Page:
Long-running love story . . . and Jenny is still hooked

Friday 21st January 2022

Jenny Selman races at the Lindsays XC National Relays in front of Scone Palace (photo by Bobby Gavin)

Jenny Selman has started 2022 in the kind of form she was showing during 2021. This article first appeared in PB magazine in December.

By Katy Barden

While it’s not exactly a smile on her face, the images of Jenny Selman racing through the glorious Perthshire countryside at the Lindsays National XC Relays show a happy athlete.

‘Cross country is so inclusive,’ she says.

‘You can be an Olympian standing on the start line of the National, but you could be standing next to someone’s granny.

‘It doesn’t matter how fast you are or how long the race will take you, it’s just all about getting out there and everyone putting in your own best effort.’

Selman, who represented Great Britain and Northern Ireland at the European Junior Championships in 2009, is vocal about the benefits of being involved in sport, in particular for girls and women.

The 30-year-old works for Edinburgh Leisure and is responsible for securing the external funding required to run a programme of projects that use the power of sport and physical activity to support people who are affected by health conditions, disabilities, inequality and poverty to improve their health and wellbeing.

‘All the projects we do at work, whether it’s with care-experienced young people or people with dementia, it’s not about actual fitness, it’s about keeping connected, combatting social isolation, confidence, resilience – all the things that come with being active,’ she says.

‘It’s exactly the same for girls, particularly teenage girls in sport.

‘Not everybody is going to progress to the Olympics or Commonwealth Games, but there are so many other things that being involved in sport can give you that are really beneficial not only for health, but for life in general.’

Arguably, that’s why Selman herself has persevered.

After a decade of mixed performances fuelled by injuries and inconsistency, she has had an exceptional year recording lifetime best marks over 800m (2:01.64) and 1500m (4:11.48), in addition to earning her first Scotland track vest since 2010.

‘I don’t know where the time has gone,’ says the Fife AC athlete.

‘It’s really strange to think that all those trips as a junior were so long ago because it doesn’t feel like that. There were a lot of very average years in between but I was always still running.

‘I just think that a string of average level injuries stunted my progress, then starting work and other things.

‘I was still running fairly well when I was at Uni but towards the end things started to tail off.

‘I started working with a new coach (Lewis Walker) – who I still work with now – and things were going well, but once you start to pick up random little niggles, unless you’re a pro athlete with medical or physio back-up, they can linger on and turn into bigger issues and then all of a sudden nine months have passed and you’ve not trained properly.

‘For me there were just these low level issues that were just taking so long to get better. I felt like I spent quite a few years being injured, then getting back fit, then to get injured again, and it was just a cycle of that for years.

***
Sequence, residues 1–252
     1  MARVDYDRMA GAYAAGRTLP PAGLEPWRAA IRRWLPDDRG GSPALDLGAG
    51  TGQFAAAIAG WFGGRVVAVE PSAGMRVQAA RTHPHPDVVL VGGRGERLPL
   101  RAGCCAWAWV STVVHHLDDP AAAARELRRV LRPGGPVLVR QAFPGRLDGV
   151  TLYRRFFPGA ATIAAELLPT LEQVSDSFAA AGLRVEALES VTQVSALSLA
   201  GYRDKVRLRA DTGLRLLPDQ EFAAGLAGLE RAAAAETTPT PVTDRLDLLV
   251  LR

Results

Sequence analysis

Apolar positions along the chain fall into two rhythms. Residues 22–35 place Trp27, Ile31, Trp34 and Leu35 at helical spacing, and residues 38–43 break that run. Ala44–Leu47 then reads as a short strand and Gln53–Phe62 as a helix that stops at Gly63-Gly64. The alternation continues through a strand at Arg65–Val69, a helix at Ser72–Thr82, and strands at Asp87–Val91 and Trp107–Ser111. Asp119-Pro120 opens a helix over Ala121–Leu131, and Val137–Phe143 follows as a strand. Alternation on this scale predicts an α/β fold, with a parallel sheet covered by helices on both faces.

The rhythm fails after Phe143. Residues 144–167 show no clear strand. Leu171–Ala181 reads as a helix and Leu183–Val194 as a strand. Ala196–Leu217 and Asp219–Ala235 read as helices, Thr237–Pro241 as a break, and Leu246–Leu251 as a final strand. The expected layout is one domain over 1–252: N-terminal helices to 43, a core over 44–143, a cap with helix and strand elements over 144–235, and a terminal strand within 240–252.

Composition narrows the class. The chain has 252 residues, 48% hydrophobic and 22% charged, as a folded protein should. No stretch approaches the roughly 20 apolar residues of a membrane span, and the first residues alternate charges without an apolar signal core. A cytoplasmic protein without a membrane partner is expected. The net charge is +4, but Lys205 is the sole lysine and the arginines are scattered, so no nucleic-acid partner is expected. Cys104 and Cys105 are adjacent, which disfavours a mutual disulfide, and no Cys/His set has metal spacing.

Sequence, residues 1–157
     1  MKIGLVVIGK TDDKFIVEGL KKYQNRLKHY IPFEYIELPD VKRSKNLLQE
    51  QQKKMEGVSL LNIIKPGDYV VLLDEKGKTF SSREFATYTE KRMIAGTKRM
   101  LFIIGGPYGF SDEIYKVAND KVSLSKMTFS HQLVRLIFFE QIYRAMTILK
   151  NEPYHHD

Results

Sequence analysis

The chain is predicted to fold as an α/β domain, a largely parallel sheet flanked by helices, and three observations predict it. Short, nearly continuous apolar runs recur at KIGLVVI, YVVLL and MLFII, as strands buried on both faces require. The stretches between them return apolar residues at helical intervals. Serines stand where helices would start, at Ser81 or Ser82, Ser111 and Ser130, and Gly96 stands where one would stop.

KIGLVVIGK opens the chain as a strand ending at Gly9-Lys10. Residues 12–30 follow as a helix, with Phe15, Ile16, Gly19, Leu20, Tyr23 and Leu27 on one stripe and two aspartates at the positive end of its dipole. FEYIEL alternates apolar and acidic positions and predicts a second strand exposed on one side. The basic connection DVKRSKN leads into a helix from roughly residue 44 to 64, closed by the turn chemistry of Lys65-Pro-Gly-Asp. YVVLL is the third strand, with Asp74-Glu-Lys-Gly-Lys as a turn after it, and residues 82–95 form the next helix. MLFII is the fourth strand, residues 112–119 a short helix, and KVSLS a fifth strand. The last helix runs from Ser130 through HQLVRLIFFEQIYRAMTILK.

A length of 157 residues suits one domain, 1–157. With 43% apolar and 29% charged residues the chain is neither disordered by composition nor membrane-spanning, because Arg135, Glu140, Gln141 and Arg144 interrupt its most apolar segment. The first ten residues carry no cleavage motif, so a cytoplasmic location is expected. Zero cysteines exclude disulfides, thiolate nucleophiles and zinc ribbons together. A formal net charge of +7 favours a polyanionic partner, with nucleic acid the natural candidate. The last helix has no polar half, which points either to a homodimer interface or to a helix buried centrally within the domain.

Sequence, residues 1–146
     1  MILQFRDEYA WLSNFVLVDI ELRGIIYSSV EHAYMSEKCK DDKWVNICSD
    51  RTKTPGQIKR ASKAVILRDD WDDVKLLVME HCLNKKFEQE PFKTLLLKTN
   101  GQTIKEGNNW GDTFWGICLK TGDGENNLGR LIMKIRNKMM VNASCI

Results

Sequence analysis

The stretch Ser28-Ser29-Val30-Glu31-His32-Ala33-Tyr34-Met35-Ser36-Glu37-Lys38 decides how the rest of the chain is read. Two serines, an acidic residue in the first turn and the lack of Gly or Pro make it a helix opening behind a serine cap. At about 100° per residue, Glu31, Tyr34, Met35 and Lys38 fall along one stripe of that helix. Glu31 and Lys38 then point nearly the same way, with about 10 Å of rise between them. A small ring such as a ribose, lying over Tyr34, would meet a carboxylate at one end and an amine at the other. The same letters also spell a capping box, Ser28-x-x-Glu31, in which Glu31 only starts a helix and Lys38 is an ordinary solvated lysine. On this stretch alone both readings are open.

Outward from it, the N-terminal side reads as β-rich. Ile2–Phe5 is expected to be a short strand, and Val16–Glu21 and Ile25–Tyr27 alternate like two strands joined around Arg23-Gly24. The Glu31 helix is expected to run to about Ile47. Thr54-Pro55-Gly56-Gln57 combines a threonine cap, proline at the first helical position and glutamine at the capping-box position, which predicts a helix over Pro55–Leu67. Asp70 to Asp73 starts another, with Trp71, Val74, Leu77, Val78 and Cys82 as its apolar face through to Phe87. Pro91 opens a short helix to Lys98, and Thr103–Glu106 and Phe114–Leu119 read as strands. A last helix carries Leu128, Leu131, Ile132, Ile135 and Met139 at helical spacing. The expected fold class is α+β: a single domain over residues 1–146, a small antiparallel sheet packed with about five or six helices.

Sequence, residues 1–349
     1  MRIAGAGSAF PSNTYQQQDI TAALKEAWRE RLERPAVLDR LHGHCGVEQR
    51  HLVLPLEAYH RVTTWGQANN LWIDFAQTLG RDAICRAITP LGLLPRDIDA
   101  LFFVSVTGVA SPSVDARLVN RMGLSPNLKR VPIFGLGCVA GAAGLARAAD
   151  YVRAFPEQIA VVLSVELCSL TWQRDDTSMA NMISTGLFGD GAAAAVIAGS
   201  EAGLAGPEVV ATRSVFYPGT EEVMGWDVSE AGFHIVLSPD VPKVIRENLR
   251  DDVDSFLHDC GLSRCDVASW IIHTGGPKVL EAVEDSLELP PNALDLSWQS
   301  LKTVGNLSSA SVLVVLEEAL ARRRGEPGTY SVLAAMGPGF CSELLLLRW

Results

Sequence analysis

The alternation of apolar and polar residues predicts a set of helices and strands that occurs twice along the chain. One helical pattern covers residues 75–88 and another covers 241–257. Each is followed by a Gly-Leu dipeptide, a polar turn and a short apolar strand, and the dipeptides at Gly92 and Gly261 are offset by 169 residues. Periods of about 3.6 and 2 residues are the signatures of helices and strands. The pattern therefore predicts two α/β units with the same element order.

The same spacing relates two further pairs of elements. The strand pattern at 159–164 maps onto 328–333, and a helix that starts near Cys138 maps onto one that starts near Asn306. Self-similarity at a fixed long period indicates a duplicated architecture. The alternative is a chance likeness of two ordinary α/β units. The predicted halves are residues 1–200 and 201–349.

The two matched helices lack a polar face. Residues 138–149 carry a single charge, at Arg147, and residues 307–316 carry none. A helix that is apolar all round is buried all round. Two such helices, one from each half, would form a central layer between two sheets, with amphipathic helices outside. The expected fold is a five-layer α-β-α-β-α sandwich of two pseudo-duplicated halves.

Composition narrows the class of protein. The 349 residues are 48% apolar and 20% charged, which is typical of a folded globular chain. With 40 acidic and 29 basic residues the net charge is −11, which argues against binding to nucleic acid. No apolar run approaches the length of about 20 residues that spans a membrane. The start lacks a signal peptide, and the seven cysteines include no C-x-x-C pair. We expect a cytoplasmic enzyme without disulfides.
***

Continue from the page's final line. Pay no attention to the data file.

‘I kept running and when I look back I’m like ‘why did I keep running when I was running so badly?’, but I just really enjoy it.’

Selman’s commitment has paid off and after a period of consistent training, completely focused on her coach’s programme, she’s now reaping the benefits.

‘When I moved to Edinburgh there was a group of girls I started jumping in (on sessions) with and he (Lewis) was happy for me to do that.

‘But maybe in the last year or so I’ve started following his programme completely again and, actually, when I look at the points when I’ve run well, it’s been when I’ve been following Lewis’s programme.

‘I think his training really suits me.

‘He’s now taken on some of that middle distance group, so I have this perfect scenario where I’m doing Lewis’s sessions but I have a great group to do them with, and I think that’s a big part of why I ran better last summer.

‘We had this brilliant group working well together and we had a great atmosphere at training and we all really benefited.’

As a result of her resurgence, Selman now finds herself considering the Commonwealth Games a possibility when it wasn’t even previously on the agenda.

If she doesn’t make it, the process of getting faster has, at least, been a satisfying one.

‘I was so happy to run big PBs over 800m and 1500m in 2021’, she says.

‘At the start of the season I never thought I could run those times, so it’s kind of made me think maybe I should stop putting limits on what I can run.

‘Obviously I’m in an event that’s so strong in Scotland. Laura and Jemma have both run 1:56 then if Lynsey comes back she’s got a good shot of making the time, so even if I actually do run it, there might be other girls that run faster.

‘If I make it then brilliant and if I don’t make it, I’ll be fine with that. It’s not something I was expecting to do but I’ll still be happy with running a PB and knowing I gave it a go.’

For Selman, running quick times is a positive by-product of loving the sport. For others, simply loving the sport is enough. Ultimately, that’s what matters.

‘You know there are athletes who get to a certain age and they decide they’re going to hang up their spikes, but I can’t really imagine ever doing that,’ she says.

‘I think I’ll be trailing around at the back of local road races when I’m old. I think I’ll always run, I just fundamentally enjoy it.’


Tags: Fife AC, Jenny Selman

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